“Now have come to pass the salvation and the power and the kingdom of our God and the authority of his Christ, because the accuser of our brothers has been hurled down, who accuses them day and night before our God! …..12 On this account be glad, you heavens and you who reside in them! Woe for the earth and for the sea, because the Devil has come down to you, having great anger, knowing he has a short period of time.”

    This is the event thought to have begun in 1914, based on those verses in Daniel mentioned before.

    Though WWII was greater than WWI, it really was just a continuation. The aftermath (insisting the defeated countries pay every time of damages incurred) of the first war led almost directly to the second. Any number of historians have pointed to 1914 as a turning point year in human history. To my knowledge nobody has done so with regard to WWII.

    As I said, it can’t really be expressed as a one-liner. Even what I’ve written is by no means thorough

  5. Ron Britton Says:


    I didn’t mention WWII, except indirectly. As far as kingdom being established in heaven, there’s no way to confirm that.

    If a prophecy has enough ambiguity or enough details that can’t be confirmed, you won’t be able to convince the skeptics that it’s true, and it gives the claimant too many outs.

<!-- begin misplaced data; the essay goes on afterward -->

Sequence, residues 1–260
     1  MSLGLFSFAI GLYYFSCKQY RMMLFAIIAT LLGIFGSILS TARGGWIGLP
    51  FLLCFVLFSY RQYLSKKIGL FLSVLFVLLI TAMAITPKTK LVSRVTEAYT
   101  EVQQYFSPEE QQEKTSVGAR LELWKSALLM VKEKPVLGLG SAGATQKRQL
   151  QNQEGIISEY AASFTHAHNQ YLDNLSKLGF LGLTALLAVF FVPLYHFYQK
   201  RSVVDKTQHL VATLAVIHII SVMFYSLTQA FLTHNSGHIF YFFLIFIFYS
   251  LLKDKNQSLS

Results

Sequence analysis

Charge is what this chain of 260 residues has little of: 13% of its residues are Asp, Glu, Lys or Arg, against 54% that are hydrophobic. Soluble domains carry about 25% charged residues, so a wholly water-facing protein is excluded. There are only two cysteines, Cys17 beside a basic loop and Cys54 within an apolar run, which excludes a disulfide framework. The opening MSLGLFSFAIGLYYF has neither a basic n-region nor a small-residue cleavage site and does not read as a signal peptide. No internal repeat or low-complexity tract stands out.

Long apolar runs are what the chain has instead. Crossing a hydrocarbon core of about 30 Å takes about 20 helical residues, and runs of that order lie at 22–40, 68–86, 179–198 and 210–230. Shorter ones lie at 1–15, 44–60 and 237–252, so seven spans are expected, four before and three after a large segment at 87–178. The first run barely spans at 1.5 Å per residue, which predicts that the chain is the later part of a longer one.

6. tom sheepandgoats Says:

    Agreed. It’s hard, not easy.

    What do you think of this one: from the book of Micah? (OT)

    “And you, O Bethlehem Ephrathah, the one too little to get to be among the thousands of Judah, from you there will come out to me the one who is to become ruler in Israel, whose origin is from early times, from the days of time indefinite”

    a refererence to where Christ would be born. Nobody claims it wasn’t written well before NT times. Bethlehem was a tiny backwater of a town. And Bethlehem Ephrathah is a bit like specifying Naples, NY, as opposed to Naples, FL or Naples, Italy.

  7. Ron Britton Says:


    Farrell Till discusses that prophecy in this article (It’s a long article. Search for “Micah” and you’ll find it.). The short version is that the Bethlehem mentioned here is actually the name of a clan, not a town. It was saying that a member of the Bethlehem clan would become the ruler.

  8. Lepht Says:

    *looks up at the Jehovah’s Witness arguing that the world’s-end prophecy has already been fulfilled*

    so tom, you havin’ fun here in post-Armageddon cyberspace?


  9. Dave Zirkle Says:

    Well if all these bible prophecies are true then I must have missed JaySus and the end of the wold in 2000. Damn it I hate to miss a big party.

  10. Dave Zirkle Says:

    Oh I like the point about none of these “predictions” were noticed ahead of the fact. If they had been San Francisco wouldn’t have burned in 1906 and the trade center wouldn’t have come down in 2001.

    It’s like closing the barn door after the horse escaped.